Demolishing Narrow Mobile Strategy

The most common question I get from fellow marketers, mobile entrepreneurs, or come across on Quora under “mobile marketing” is this: What media buying model is the best: cost-per-click, cost-per-acquisition, cost-per-something else?

To which I give a confident, “it depends” or “all of the above.” Despite its growth and the amount of success brands and startups have seen in the mobile space, it still has that Shiny New Media smell, which always seems to result in the narrowest of marketing strategies.

Unfortunately, as we’ve seen in similar climates before, linear strategies rarely end well.

Facebook apps saw a ton of excitement and early success that relied solely on Facebook notifications to succeed. When Facebook turned them off, they also turned off hundreds if not thousands of business models. Google makes it a point to change their search algorithms several times a year to shut down content farms or companies that succeed exclusively on the fact they cracked the latest search code. The dot-com bubble burst was largely a result of companies which believed that just being “online” equated to having a business model.

The lesson: Relying on a singular path to market your product is the equivalent to only eating fun-dip your whole life. You won’t last – even if it tasted good at first.

So, how do I really answer the mobile media “silver bullet” question? Test, test, test and read.

The key to constant testing is to build benchmarks for acquisition, brand impact and/or the life time value of your customers. The more you test, the better you get to know your product, your customer, how they use it, and how you can measure all of the above.

If you’re just starting out, find a couple partners (networks, direct sites, agency buyers, etc) who you think offer a mixture of scale and flexibility. Run a campaign in which you use at least two different buying models on at least two of these partners.

What you are likely to find is that the “silver bullet” is going to be a mix of solutions. A cost-per-acquisition buy is the least risky, but you’ll have trouble finding the scale you need for continued growth. On the other end of the spectrum, buying via a cost-per-click, bulk impressions basis is wildly prevalent in mobile, given its nascent stage But you can’t scale intelligently if you don’t know what the life time value of a customer is.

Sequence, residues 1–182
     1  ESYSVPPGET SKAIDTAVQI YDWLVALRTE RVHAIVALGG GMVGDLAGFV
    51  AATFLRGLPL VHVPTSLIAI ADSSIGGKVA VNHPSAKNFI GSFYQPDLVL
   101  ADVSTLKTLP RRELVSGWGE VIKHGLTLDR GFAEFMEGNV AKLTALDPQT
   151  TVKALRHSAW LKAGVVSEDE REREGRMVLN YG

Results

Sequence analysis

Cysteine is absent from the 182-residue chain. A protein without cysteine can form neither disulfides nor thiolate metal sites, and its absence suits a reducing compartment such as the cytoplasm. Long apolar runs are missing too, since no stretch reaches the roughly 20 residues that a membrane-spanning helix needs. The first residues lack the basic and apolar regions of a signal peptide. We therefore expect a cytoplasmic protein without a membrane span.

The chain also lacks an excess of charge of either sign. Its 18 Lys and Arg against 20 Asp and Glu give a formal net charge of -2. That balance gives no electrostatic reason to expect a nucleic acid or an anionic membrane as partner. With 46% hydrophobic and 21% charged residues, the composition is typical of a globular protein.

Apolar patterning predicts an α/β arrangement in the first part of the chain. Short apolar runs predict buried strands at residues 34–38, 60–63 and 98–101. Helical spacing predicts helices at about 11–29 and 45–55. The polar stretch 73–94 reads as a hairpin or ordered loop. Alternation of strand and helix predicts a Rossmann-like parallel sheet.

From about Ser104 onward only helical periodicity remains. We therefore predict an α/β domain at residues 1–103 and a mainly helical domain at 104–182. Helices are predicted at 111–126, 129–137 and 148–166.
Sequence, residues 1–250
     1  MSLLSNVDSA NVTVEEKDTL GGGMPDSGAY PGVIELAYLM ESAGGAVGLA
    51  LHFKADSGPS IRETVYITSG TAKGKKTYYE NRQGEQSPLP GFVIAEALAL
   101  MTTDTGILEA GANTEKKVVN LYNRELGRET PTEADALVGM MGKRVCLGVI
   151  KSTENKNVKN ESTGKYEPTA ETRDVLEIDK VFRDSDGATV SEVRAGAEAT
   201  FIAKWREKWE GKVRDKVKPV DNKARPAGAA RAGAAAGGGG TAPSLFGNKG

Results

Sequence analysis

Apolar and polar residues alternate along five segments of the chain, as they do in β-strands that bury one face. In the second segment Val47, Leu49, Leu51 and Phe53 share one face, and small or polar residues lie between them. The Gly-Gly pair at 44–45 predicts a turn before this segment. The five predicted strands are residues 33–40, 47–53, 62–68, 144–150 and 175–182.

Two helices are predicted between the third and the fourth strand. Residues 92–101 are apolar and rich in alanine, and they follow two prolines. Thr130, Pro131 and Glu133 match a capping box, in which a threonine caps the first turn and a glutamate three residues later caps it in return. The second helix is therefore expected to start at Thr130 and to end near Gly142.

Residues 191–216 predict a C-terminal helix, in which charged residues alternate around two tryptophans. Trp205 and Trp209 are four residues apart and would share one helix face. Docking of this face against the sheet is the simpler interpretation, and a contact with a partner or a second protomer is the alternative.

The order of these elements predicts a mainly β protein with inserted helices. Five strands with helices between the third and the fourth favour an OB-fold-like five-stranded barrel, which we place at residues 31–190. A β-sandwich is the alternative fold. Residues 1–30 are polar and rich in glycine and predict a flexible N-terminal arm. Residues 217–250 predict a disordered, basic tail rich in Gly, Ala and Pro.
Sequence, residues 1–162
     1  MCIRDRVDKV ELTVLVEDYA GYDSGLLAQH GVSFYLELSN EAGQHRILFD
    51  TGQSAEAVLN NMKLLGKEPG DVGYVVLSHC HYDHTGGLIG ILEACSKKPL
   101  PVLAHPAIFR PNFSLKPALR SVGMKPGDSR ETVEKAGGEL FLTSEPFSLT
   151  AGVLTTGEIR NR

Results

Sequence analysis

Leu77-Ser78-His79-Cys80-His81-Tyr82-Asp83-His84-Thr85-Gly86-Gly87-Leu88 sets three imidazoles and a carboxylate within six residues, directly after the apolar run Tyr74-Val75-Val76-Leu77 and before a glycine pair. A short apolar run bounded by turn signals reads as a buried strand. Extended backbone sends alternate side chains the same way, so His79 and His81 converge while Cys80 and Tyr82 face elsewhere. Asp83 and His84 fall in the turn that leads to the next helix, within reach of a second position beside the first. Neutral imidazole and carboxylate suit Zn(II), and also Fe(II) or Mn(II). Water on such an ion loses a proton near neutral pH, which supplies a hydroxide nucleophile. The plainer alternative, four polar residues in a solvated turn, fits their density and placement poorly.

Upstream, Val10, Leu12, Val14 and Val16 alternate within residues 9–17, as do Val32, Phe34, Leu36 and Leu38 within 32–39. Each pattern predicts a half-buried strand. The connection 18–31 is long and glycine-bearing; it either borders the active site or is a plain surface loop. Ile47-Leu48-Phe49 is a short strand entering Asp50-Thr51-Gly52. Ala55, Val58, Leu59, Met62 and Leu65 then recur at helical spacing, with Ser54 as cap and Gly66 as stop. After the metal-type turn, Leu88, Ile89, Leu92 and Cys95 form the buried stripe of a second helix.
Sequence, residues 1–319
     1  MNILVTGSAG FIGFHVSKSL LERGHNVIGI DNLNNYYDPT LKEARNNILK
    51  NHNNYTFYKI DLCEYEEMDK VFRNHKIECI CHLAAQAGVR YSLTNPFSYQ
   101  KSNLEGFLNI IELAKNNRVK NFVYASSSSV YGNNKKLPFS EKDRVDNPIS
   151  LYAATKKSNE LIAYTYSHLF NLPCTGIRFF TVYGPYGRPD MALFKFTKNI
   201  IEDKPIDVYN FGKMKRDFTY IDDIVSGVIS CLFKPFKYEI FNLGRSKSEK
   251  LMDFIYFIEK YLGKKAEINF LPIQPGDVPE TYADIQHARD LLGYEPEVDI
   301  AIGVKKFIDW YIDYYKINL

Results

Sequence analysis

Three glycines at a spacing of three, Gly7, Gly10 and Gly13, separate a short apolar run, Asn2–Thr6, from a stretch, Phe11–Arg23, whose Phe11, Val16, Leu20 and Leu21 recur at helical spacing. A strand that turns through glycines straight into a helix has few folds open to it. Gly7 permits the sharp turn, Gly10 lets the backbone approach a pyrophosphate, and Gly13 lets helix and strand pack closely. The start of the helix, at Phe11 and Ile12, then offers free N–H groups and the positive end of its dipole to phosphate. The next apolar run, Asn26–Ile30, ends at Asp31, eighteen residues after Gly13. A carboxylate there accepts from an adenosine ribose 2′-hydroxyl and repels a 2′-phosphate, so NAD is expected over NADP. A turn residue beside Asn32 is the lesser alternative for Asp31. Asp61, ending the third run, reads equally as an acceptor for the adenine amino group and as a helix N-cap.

In addition to testing buying tactics, when it comes to partners, you should never rely on a single one. Not only will their scale be limited (despite what they will tell you), but running with multiple partners is the only true way to constantly keep their performance in check. As your product changes over time, key performance indicators should also change. If you limit yourself to a single channel of acquisition, you can easily miss opportunities to become more aggressive in you’re buying strategy.

Finally, read. Even if you work on the biggest of brands with the simplest mobile strategy, it is wildly important to be up to date on the constant changes and evolutions of the mobile space. WSJ and AdAge aren’t enough for this space. You MUST also stay as up to date on both mobile tech and startups. On a daily basis there are announcements about new phones, mobile technology, applications or completely new mobile business models that will impact, or already have completely changed the mobile marketing landscape.

So, can you be successful buying exclusively under one model? Yes, definitely.

Is it sustainable? No chance.

By diversifying your mobile strategy, continually testing buying models and partners, and staying ahead of what’s happening with mobile technology and business, the chance that you’ll achieve enduring success should improve dramatically.

Adam Grenier is head of mobile marketing and emerging media at Zoosk. Follow him on Twitter @AKGrenier.

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